components of social relationships, on the necessary distinction between
the imaginary and the symbolic, on the role of the body in the construction
of the social subject and, more recently, on the distinction between the
things one sells, the things one gives and the things that must be neither
sold nor given, but must be transmitted.
The results of his work have been published in a series of books most
of which have been translated into many languages. His chief publications
- La production des Grands Hommes. Pouvoir et domination masculine
chez les Baruya de Nouvelle Guinée, Ed. Fayard (1982). (The
Making of Great Men. Male domination and Power among the New Guinea Baruya,
Cambridge University Press, 1986). Prize of the French Academy.
- Lidéel et le matériel, Ed. Fayard (1984).
(The Mental and the Material. Thought, economy and society, Verso,1986).
- Lénigme du don, Ed. Fayard (1996). (The Enigma
of the Gift, Chicago, Cambridge; Chicago University Press, Polity
La Production du corps. Approches anthropologiques et historiques
and Le Corps humain, supplicié, possédé, cannibalisé.
Texts collected and edited by Maurice Godelier and Michel Panoff. Amsterdam,
Archives contemporaines (1998).
Maurice Godelier has also made a number of films with Australian film-maker
Ian Dunlop, and with Marek Jablonko and Steve Olson, two American film-makers.
His films include:
Planète Baruya, directed by Ian Dunlop (Production: CNRS
Audiovisuel, FR3, Australian Film Unit, 1976).
He also co-authored a C.D. Rom with Jacques Kerchache: Chefs duvre
et civilisations Afrique, Asie, Océanie, Amériques,
which received the "Best of" for cultural CD-Roms in 2000, and
the Eurêka dOr.
In addition, he has also published over 200 articles in various French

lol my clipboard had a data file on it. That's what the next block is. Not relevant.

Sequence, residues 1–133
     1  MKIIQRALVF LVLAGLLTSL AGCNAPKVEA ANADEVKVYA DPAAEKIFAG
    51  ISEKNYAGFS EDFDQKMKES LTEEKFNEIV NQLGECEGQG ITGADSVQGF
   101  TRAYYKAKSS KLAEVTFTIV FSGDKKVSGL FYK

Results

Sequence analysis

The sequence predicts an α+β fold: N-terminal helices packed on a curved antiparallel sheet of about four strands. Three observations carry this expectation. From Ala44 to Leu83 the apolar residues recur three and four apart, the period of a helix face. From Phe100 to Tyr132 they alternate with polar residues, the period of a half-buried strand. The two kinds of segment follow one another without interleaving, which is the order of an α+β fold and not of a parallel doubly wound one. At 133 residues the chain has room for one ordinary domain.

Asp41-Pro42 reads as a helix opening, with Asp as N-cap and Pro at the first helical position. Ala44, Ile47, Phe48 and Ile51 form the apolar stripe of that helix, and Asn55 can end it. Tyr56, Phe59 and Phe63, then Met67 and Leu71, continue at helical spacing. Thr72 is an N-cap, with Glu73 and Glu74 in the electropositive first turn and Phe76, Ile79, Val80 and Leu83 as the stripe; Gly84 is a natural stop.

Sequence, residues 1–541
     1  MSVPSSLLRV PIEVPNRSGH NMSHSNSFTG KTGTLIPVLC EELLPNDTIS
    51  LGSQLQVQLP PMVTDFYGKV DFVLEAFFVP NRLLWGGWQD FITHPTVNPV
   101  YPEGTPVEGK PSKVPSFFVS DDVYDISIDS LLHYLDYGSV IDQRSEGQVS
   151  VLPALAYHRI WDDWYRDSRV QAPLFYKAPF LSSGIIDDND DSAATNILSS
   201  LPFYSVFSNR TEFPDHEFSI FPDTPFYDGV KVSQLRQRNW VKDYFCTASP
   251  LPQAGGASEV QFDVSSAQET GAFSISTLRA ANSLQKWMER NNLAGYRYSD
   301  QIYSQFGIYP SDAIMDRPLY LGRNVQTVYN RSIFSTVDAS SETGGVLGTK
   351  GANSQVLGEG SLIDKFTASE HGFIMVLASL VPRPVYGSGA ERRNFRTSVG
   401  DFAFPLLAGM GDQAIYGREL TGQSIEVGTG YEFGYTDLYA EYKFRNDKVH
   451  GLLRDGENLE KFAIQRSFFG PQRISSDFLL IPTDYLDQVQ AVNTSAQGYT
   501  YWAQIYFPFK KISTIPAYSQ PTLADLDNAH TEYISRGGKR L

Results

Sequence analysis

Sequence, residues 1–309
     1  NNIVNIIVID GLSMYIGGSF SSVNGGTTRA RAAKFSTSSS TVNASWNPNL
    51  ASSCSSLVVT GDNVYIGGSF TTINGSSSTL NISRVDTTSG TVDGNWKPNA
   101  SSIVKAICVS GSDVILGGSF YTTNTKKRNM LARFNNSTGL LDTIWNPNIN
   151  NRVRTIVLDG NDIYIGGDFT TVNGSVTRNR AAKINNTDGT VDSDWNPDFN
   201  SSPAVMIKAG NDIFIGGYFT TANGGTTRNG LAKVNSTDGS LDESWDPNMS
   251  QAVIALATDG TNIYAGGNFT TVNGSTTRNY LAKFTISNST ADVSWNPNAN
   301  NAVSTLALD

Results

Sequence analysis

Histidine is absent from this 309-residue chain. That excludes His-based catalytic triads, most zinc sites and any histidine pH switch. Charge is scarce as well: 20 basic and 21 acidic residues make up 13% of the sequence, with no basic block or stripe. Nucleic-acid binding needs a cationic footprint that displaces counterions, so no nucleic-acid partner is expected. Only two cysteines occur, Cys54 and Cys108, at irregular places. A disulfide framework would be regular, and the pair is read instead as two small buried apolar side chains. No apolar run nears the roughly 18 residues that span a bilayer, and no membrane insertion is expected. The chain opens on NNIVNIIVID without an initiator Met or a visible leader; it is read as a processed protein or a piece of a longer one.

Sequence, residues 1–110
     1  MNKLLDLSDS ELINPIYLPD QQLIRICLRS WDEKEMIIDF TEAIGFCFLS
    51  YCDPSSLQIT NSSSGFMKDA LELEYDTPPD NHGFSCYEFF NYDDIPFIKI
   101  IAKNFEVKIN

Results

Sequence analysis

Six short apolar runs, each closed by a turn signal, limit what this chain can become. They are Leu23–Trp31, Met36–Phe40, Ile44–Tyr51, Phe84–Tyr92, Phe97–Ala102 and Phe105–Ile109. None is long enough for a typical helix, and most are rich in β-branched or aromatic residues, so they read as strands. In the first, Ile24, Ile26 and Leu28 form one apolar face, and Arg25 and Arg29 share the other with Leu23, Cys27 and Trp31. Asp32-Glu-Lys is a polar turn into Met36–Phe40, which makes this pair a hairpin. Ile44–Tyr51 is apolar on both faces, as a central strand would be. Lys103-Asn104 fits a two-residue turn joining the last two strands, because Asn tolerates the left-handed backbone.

and foreign journals.
In addition to his research activities, Maurice Godelier has always been
closely involved in scientific policy making. In 1982, the then Minister
of Research and Industry, Jean-Pierre Chevènement, entrusted him
with drawing up a recommendation for reforming the humanities and social
sciences in France. His findings were presented in a 600-page report entitled
Les Sciences de lHomme et de la Société en France.
Analyse et propositions pour une politique nouvelle (La Documentation
Française, 1982). In it he advocated putting an end to the division
between the humanities and the social sciences, and urged the creation
of a single science department within the CNRS called now: the Department
of the sciences of Man and Society. Maurice Godelier was Director
of this department from 1982 to 1986.
In 1995, he created the Centre de Recherche et de Documentation sur
lOcéanie (CREDO), which he directed until 1999. From
1997 to 2000, he was Scientific Director of the new National Museum in
Paris devoted to Arts and Civilisations in Africa, Asia, Oceania and the
Americas, and called Musée du Quai Branly.
Maurice Godelier is an officer in the French Legion of Honor. He has been
awarded the French Academy Prize (1982) and the International Alexander
von Humbolt Prize for Social Sciences in 1990.
Tel : +33 1 44 96 46 35